Reassuring worried students and partners, answering numerous questions, preparing more than 900 hours of virtual classes…We can only salute the incredible mobilization of IFP School teachers over the last few weeks.
As soon as IFP School closed on March 16, they quickly mobilized to support the students and offer them remote learning solutions in order to continue their education.
Thierry Bros, an external lecturer, started remote teaching at the end of March. "I gave my first virtual class. Thank you IFP School for organizing this. It was a great experience !" he notes.
Ensuring the continuity of teaching during lockdown is a major challenge, especially if there is already a great deal of demand, in particular when recruiting the next year's class.
"It's a challenge for us, but we're motivated!" exclaims Paolo Paron, Supervisor of the Energy and Powertrains program.
"Distance learning cannot be improvised. We are constantly exchanging with external lecturers and our students" adds Olivier Lerat, Supervisor of the Petroleum Geosciences program. "It's more than a full-time job!"
Support ot the Lab'Innov
The situation is indeed far from being simple given the multiple tasks and sustained pace. But the teachers have been able to rely on the Information Technology Hub and Lab'Innov, the innovation laboratory recently created at IFP School.
Among other things, the Lab'Innov team offers them weekly webinars to help them progress with the digitization of training courses, master the available technical solutions, but also implement best practices.
To allow them to recharge their batteries, the Lab'Innov team also launched "Les cafés du confinement", virtual spaces for conviviality.
"We're here to support our colleagues, but also to listen to them!" notes Marie de la Villèsbrunne, Educational Designer at Lab'Innov.
Despite this unprecedented context, IFP School has been able to bounce back thanks to the long-standing commitment of its teachers in the implementation of innovative teaching methods.
"Thanks to everyone's good will, we were able to adapt quickly. Our external speakers are also supportive" notes Sébastien Bianchi, Supervisor of the Energy and Markets program. "I also have great admiration for the commitment of our students."
Innovative teaching tools
Many teachers have had to completely redesign their courses using tools such as Zoom, Microsoft Teams, Wooclap and YouTube. This was the case of the teachers of the Executive Master of Management in Energy, program taught in English in partnership with the BI Norwegian Business School.
The program started 100% remotely on March 16 with participants scattered from China to Brazil. The teachers taught their courses via Zoom and made sure that they were recorded. They used Microsoft Teams for collaborative work on projects. Finally, they worked in sub-groups via Zoom and WhatsApp to better support the students.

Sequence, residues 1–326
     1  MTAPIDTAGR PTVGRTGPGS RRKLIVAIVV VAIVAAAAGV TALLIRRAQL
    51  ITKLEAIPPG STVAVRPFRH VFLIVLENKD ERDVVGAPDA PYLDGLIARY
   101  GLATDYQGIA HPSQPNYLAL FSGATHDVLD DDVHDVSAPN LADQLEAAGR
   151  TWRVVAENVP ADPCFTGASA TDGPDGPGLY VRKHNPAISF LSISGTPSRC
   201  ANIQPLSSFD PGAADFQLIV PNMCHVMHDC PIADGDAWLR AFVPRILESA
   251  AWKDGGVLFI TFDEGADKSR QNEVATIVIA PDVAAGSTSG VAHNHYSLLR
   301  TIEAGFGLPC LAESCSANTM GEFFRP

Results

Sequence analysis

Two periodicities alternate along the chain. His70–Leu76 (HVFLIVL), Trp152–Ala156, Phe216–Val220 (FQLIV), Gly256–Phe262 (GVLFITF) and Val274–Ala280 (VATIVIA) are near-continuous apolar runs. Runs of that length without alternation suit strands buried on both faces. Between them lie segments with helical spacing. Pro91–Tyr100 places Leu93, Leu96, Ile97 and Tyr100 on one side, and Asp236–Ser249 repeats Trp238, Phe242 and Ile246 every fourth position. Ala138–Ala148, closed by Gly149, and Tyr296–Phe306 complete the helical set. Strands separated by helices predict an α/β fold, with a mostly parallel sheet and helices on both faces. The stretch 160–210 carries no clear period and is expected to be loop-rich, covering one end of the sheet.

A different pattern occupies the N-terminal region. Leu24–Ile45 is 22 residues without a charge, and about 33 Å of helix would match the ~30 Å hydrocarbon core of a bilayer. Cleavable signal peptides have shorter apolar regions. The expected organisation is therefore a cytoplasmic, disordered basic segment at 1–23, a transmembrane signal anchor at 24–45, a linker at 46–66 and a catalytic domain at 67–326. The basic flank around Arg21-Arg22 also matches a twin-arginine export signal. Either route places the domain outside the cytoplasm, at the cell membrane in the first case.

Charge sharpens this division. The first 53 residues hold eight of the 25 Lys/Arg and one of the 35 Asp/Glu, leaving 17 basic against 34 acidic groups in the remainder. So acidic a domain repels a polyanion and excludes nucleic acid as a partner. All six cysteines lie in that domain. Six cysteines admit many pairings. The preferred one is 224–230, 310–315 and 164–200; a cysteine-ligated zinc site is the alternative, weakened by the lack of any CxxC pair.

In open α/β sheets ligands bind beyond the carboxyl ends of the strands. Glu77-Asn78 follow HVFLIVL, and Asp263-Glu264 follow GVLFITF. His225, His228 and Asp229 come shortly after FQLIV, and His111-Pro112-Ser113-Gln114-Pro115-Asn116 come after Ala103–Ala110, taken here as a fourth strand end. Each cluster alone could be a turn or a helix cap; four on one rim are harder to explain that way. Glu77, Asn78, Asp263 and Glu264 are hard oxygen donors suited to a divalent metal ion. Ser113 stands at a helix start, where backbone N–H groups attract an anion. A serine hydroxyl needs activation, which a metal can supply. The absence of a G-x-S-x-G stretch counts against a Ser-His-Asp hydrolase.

"When the Covid-19 crisis led countries into lockdown, my classmates and I were convinced that the Executive Master of Management in Energy would be postponed" says Waldemar Szemat Vielma, a student and delegate of the program.
"The teachers did what was necessary to offer us a plan B and continue with the initial schedule. The result exceeded our expectations!" he says.
At a distance exams and virtual reality
Given the current health measures, teachers have also adapted the organization of examinations and field courses. IFP School has set up four forms of evaluation: projects and oral exams (given at a distance through videoconference), multiple-choice questionnaires (online and open for a given period) and traditional exams carried out under virtual supervision following the recommendations of the Ministry of Higher Education, Research and Innovation.
Essential for applied training programs, certain field courses have been maintained thanks to the use of virtual reality.
Students in the Energy and Processes and Petroleum Engineering and Project Development programs took part in "School Lanta", a day of virtual tests at an industrial site.
"We can't completely replace a field course, but virtual reality allows us to transports students on site" explains Olivier Bernaert, Head of Lab'Innov.
"We ensured that the course would not only be instructive, but fun as well. The students had to do a virtually visit of the various units of the industrial site and answer a quiz at the end of each challenge. In order to make this day a real event, we proposed additional puzzles and games and kept a ranking via Teams" he adds.
If students miss their face-to-face courses, they are happy to continue their studies remotely. "With virtual classes, we have many more projects and exercises and can work more efficiently than with the old evaluation system" says Fernanda Campos Furtado, a Brazilian student in the Petroleum Geosciences program.
Her Colombian classmate, Carolina Castaño Uribe, is also satisfied: "Our teachers are making great efforts to continue teaching at a distance. They have had to deal with several connection and licensing issues, but have managed to ensure that participation and interactivity flourish."
In addition to distance learning courses, IFP School teachers also ensure that their students are not demotivated by offering them "classroom life hours" to exchange with them.
"We're more vigilant not to leave anyone behind," notes Céline Pierre, Supervisor of the Processes and Polymers program.